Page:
So I’ll have to agree with your DPS guy, in the same way we are able today to provide science backed tools to my French alpine guide to help him taking the right decision in the snowpack. Or in the same way we can today help wine makers really understanding what’s in their wines etc etc.
    We should help DPS shapers with new tools but we still need their creative craftsmanship otherwise we will end up with horrible undrinkable wine, I mean Salomon skis, I mean you know ;)

    My biggest issues with engineers who do not appreciate the importance of craft is that they think food, ski, cars, etc can be all standardised and designed eventually by a model. Keep the human in it, this is where the magic happens


  3. Yes, Jonathan, this is criticism directed at you!

    You scared the “cr**p” out of me with your opening statement saying you are no longer making the digital version of the Buyers Guide free without putting it in the context of non-Blister Members. By the end of a fairly long rant, you clarified it, please do that up front in the future. I was heading towards the cliff (or about to jump ship) before you pulled the rope tight and saved me.

    • Ha, you get no apology from me, Scott. We’re creating a culture here where people actually have to read – or listen – to the end of the statement – don’t just draw conclusions off of a headline or first sentence. :)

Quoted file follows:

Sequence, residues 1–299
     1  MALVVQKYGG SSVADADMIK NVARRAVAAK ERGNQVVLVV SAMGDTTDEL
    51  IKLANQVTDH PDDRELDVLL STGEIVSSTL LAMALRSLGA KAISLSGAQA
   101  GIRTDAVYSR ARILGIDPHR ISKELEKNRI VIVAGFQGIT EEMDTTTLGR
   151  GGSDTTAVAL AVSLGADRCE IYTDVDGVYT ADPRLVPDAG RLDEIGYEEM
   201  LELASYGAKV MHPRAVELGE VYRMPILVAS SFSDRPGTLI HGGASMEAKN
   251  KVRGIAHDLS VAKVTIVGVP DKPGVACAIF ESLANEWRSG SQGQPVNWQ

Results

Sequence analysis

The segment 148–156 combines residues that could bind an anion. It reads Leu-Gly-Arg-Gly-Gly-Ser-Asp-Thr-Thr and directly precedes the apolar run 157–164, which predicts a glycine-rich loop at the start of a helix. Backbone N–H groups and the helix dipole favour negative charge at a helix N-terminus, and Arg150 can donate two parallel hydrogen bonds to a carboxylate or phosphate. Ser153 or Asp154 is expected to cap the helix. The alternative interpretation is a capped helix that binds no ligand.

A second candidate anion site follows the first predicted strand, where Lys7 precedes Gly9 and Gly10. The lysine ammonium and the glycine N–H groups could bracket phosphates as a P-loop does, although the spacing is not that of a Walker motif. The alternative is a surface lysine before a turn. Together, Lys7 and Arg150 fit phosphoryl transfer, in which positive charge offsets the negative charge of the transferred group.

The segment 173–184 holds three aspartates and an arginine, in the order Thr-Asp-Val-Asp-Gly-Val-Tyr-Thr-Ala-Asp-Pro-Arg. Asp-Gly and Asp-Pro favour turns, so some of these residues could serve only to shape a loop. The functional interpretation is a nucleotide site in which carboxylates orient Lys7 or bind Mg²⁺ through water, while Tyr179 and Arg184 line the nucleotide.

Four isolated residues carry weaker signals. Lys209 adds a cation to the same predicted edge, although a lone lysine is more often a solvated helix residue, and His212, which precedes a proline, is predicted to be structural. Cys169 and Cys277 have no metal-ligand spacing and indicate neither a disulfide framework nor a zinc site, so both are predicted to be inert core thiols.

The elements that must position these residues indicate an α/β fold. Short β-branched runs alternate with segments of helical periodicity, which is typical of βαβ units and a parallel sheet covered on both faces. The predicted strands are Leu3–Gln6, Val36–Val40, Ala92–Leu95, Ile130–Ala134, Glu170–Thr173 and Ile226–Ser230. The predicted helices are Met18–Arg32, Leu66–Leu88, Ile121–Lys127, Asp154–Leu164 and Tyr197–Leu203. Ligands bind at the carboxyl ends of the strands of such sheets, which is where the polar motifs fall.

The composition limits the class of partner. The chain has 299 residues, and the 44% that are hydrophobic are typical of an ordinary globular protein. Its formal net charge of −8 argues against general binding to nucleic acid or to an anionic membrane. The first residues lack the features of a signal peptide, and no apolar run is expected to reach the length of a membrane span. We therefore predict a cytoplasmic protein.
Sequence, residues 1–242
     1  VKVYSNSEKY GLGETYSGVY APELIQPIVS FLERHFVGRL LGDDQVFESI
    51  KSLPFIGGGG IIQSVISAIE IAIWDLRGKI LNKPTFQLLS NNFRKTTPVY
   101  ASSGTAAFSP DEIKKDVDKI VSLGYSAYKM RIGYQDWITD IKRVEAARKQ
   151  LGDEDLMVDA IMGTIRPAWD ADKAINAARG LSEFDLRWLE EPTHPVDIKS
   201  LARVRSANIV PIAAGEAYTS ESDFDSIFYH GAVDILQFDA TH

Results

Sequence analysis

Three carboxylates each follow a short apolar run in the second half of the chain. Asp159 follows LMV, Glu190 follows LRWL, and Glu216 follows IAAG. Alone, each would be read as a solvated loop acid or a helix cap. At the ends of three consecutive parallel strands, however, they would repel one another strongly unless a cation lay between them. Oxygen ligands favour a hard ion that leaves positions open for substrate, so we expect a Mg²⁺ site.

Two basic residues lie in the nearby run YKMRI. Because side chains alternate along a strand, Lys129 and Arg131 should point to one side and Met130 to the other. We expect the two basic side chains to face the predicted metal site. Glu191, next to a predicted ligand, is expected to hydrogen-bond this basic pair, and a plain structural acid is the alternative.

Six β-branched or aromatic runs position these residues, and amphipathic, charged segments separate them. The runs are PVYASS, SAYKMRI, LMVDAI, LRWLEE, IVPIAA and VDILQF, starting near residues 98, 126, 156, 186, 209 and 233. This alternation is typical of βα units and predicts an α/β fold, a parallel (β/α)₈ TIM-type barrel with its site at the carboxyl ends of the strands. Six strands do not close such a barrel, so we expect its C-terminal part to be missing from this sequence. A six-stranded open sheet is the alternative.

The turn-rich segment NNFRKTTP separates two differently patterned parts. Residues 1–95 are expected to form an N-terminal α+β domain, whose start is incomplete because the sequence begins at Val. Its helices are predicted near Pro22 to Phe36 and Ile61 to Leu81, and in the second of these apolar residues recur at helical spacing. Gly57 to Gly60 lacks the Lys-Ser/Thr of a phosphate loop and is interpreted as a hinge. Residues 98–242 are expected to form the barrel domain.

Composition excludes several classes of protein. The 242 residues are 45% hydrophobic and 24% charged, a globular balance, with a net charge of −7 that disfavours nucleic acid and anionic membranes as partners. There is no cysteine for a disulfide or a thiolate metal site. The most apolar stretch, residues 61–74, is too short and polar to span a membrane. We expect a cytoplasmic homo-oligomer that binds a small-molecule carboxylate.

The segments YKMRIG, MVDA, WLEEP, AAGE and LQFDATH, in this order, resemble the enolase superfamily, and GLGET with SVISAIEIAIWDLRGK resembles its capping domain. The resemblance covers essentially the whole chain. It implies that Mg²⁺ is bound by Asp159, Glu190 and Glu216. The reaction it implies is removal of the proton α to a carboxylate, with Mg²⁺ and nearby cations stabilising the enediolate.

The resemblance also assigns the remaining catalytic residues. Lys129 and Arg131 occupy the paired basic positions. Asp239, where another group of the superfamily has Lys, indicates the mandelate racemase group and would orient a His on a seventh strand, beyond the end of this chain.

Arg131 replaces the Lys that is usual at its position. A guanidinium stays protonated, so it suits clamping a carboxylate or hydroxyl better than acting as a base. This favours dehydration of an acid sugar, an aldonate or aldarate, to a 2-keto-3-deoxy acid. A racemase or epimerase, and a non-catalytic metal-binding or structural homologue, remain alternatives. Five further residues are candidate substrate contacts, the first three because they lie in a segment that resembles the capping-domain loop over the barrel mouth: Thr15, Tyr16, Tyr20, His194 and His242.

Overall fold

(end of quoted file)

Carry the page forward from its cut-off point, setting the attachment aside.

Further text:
That said, we very much appreciate your enthusiasm for the Guide, and we’re all extremely happy that you didn’t go jump off a cliff, ha.

  4. I think that both can be right.
    With enough measurements, and a well calibrated model, I think we will certainly be able to make some predictions about the behavior of skis for a certain skier.

    At the same time, I am sure that we are a long way off from being able to 100% percent rely on lab measurements and pick or recommend skis from that.

    So, I think it can be a bit of both. Some useful inferences to be made from measurements combined with actual on snow reviewers.

    Aftel all, when I ask for a recommendation for a ski, the Blister reviewer who helps me is using a mental model of skier Input and ski behavior , even though they are not me, and might be recommending a ski length they have not skied.

  5. I agree with the Blister Labs folks; a regularized model should be able to give you some insight into an ill-posed problem. That does not mean you can predict everything, but if you can calibrate it to be consistent with what reviewers are seeing, then inference about new obversions should be forthcoming.

    I have worked in a couple fields where it was stated that “you can’t model what we are doing, that is just not possible it is too complex” and that was proven wrong again and again. If it is about taste, about design, about experience that is very hard and very challenging. However, if the problem is “how planted do you think this ski will be that you have never been on before?” that could be tractable.

    I am curious to see how this all pans out. I think either extreme view; not possible or impossible to model are unlikely to be correct in the long run.